While officers kept an open mind during the investigation, there were clearly issues that jumped out at them. The early morning hours of Jan. 29 was one of the coldest days of the year, raising the question how someone even motivated by racial hatred could be out looking for victims. Additionally, why would anyone go out to get a sandwich at such a time and in freezing weather?
However, what undoubtedly was most intriguing was that Smollett returned to his apartment with his sandwich still completely intact. Had there been an attack, wouldn’t the sandwich have somehow been jostled about, thrown to the ground, stepped on or otherwise damaged? Yet Smollett’s sandwich survived unscathed. And, wouldn’t a victim who had just been mugged be eager to depart very quickly rather than lingering to retrieve a sandwich? It was subsequently acknowledged the sandwich became a key to solving the case.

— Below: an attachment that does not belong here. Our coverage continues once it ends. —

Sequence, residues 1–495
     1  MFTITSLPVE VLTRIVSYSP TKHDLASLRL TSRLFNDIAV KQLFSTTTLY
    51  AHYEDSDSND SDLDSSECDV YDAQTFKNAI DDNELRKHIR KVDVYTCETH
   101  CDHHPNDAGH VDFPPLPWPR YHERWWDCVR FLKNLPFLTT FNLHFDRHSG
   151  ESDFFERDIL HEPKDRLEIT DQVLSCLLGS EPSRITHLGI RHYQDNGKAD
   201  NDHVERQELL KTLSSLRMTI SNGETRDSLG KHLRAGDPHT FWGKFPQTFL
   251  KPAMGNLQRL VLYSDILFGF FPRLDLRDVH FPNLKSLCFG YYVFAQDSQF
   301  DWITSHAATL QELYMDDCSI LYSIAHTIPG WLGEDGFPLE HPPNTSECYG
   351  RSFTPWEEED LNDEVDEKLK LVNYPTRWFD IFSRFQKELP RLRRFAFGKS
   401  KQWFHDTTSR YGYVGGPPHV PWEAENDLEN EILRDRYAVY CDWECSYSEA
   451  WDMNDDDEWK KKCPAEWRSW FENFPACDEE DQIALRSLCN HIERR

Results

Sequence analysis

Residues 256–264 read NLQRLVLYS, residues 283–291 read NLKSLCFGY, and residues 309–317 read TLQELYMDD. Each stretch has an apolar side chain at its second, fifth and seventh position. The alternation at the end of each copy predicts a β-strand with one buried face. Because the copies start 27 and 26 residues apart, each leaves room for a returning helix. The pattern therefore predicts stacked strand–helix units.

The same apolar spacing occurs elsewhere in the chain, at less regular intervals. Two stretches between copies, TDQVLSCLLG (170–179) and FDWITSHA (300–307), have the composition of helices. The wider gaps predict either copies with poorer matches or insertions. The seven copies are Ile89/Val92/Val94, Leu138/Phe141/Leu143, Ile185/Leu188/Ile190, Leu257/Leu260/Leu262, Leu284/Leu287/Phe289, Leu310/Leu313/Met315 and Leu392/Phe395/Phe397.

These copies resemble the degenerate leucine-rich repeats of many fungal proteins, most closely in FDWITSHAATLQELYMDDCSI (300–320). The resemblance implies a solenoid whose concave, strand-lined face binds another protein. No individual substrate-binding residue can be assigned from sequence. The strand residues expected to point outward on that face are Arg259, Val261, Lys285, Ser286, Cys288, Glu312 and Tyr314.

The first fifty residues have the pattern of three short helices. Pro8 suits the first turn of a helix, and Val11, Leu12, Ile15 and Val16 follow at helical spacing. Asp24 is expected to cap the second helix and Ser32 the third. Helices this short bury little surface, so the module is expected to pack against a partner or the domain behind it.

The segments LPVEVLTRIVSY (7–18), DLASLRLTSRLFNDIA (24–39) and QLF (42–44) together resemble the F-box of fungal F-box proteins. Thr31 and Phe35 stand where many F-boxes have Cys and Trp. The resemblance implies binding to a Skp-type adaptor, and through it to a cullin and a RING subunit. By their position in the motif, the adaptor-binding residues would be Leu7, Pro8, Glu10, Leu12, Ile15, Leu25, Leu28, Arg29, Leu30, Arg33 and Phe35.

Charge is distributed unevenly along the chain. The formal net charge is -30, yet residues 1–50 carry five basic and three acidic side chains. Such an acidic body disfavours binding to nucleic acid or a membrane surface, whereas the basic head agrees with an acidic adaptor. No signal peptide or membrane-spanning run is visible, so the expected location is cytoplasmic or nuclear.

Traditionally, detectives follow investigations to wherever the evidence leads. Any victim of such an attack, having a keen interest in ensuring those responsible were caught, would fully cooperate. They would recognize that investigators have an obligation to examine all possibilities, including any evidence absolving the victim’s participation in a possible hoax. In this vein, Smollett was asked to submit his cellphone for examination; however, he quickly became less cooperative.